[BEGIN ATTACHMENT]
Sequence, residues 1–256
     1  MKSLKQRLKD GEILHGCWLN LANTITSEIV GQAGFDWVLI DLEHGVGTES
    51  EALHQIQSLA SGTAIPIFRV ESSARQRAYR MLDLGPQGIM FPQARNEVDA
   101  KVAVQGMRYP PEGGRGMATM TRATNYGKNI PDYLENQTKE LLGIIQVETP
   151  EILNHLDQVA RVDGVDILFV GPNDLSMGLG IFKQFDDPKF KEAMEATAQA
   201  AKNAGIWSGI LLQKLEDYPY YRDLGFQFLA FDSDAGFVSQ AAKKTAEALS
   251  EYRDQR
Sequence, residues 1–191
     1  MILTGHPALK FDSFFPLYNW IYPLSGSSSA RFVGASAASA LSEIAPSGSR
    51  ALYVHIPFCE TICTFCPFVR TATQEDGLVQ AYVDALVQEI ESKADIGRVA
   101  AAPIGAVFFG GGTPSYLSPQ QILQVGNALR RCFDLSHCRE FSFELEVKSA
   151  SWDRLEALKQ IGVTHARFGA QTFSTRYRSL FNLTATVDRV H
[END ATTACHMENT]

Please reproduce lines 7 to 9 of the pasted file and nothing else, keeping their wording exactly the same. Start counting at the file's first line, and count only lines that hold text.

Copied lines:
   251  EYRDQR
Sequence, residues 1–191
     1  MILTGHPALK FDSFFPLYNW IYPLSGSSSA RFVGASAASA LSEIAPSGSR